Empty animal welfare promises a bad look for the food industry

Recently reversed Retail Council of Canada commitments for sows and hens leave a broken, voluntary system of protections

On March 29, when much of the news cycle was focused on the third wave of the COVID-19 pandemic, the Retail Council of Canada (RCC) quietly published a memo announcing that it and its grocery partners were backtracking on past commitments made to improve animal welfare in their pork and egg supply chains.

RCC – which represents more than 45,000 storefront retail businesses, including major grocery chains Loblaws, Walmart and Sobeys – had in 2013 pledged to phase out gestation crates for pregnant pigs by 2022, and in 2016 declared it would source only cage-free eggs by 2025. In the recent announcement, RCC stated it was “renewing [its] focus on animal welfare” and planned to “pursue and make commitments solely through NFACC [the National Farm Animal Care Council] thus removing previous commitments on sow housing and cage-free eggs.” Meaning, RCC grocery members will no longer be endeavouring to source only cage-free eggs and crate-free pork in the near future.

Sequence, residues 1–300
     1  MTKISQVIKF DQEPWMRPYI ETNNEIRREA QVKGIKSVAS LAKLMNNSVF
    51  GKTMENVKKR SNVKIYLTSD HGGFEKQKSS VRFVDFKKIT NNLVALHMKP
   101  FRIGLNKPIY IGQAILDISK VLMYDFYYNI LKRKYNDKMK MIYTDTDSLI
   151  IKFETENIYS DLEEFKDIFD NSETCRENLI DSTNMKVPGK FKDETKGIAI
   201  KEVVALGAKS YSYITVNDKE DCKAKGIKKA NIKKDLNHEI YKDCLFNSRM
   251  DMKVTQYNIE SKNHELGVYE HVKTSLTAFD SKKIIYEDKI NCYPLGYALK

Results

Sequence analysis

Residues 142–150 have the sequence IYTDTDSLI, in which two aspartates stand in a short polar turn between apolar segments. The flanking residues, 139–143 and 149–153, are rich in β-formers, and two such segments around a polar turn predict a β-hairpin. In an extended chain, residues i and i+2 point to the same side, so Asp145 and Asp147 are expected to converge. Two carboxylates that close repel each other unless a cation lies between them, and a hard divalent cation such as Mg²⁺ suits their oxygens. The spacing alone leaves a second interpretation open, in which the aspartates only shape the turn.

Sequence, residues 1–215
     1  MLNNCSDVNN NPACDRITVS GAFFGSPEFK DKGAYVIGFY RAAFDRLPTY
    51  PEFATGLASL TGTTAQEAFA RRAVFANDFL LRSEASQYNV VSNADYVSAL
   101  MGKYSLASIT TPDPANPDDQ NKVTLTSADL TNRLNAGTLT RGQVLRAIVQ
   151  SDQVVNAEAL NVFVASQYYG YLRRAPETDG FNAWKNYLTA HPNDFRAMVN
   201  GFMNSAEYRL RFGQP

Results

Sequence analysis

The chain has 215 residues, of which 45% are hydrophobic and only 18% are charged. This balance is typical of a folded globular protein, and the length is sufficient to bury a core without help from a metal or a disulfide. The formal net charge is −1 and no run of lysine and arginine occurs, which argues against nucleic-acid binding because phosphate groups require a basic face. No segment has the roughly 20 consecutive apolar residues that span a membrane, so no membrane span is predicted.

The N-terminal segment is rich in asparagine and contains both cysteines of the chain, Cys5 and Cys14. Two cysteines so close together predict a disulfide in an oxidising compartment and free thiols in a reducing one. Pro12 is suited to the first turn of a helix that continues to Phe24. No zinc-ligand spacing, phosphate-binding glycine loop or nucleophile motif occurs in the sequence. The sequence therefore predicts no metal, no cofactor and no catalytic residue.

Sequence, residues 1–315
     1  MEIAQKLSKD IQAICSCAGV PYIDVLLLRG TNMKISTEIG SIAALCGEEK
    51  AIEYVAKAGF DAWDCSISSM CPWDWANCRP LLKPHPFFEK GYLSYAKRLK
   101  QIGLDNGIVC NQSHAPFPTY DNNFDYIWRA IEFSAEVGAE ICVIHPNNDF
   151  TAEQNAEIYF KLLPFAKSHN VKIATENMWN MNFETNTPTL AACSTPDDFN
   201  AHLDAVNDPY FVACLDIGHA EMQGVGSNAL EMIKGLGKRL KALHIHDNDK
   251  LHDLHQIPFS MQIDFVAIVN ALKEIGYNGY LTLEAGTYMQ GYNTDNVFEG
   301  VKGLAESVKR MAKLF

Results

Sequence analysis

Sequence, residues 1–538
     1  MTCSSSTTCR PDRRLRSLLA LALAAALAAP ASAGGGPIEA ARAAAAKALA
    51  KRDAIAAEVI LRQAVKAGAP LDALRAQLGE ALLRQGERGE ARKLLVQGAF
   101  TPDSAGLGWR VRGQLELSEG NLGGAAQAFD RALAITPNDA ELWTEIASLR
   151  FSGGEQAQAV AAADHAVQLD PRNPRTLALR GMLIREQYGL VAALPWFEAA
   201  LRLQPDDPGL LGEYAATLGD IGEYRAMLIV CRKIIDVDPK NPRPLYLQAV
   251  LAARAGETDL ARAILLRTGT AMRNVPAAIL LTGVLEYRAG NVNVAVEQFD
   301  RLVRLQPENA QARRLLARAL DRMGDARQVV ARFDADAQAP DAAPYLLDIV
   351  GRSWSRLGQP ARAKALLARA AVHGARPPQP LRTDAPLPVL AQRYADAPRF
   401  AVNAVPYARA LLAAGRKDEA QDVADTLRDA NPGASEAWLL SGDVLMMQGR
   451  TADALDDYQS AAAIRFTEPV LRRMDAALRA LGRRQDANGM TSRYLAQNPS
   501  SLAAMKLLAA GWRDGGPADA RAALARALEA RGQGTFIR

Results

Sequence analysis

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Is your pension invested in animal cruelty?

Few financial institutions are banking on animal welfare, but investors are pushing for change

Socially responsible investing is undoubtedly a rising trend. Globally, there is now more than $30 trillion invested in ways that take companies’ environmental, social and governance (ESG) records into consideration, including 25% of total assets under management in the U.S. alone. However, social responsibility can mean different things to different investors — and one sector of growing interest is animal welfare.

For investors with public pension funds who are concerned about animal welfare, knowing a fund’s involvement in potential animal cruelty is crucial, though not always easy to discern.

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